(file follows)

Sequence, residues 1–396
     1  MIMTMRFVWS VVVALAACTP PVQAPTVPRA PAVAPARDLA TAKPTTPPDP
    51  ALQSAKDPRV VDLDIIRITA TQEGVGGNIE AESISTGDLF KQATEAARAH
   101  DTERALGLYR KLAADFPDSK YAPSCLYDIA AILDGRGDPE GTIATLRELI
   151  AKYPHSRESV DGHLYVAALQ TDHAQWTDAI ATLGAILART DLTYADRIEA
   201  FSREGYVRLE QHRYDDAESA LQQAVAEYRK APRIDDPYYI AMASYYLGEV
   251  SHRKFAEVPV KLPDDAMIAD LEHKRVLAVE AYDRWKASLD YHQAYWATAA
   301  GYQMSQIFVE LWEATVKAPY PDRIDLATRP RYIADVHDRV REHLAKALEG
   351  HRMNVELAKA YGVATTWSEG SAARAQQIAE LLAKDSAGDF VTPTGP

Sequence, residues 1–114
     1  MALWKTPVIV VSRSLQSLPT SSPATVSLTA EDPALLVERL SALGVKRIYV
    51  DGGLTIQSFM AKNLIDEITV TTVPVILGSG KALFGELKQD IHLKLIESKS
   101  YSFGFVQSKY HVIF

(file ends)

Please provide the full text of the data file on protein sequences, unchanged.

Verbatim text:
Sequence, residues 1–396
     1  MIMTMRFVWS VVVALAACTP PVQAPTVPRA PAVAPARDLA TAKPTTPPDP
    51  ALQSAKDPRV VDLDIIRITA TQEGVGGNIE AESISTGDLF KQATEAARAH
   101  DTERALGLYR KLAADFPDSK YAPSCLYDIA AILDGRGDPE GTIATLRELI
   151  AKYPHSRESV DGHLYVAALQ TDHAQWTDAI ATLGAILART DLTYADRIEA
   201  FSREGYVRLE QHRYDDAESA LQQAVAEYRK APRIDDPYYI AMASYYLGEV
   251  SHRKFAEVPV KLPDDAMIAD LEHKRVLAVE AYDRWKASLD YHQAYWATAA
   301  GYQMSQIFVE LWEATVKAPY PDRIDLATRP RYIADVHDRV REHLAKALEG
   351  HRMNVELAKA YGVATTWSEG SAARAQQIAE LLAKDSAGDF VTPTGP

Sequence, residues 1–114
     1  MALWKTPVIV VSRSLQSLPT SSPATVSLTA EDPALLVERL SALGVKRIYV
    51  DGGLTIQSFM AKNLIDEITV TTVPVILGSG KALFGELKQD IHLKLIESKS
   101  YSFGFVQSKY HVIF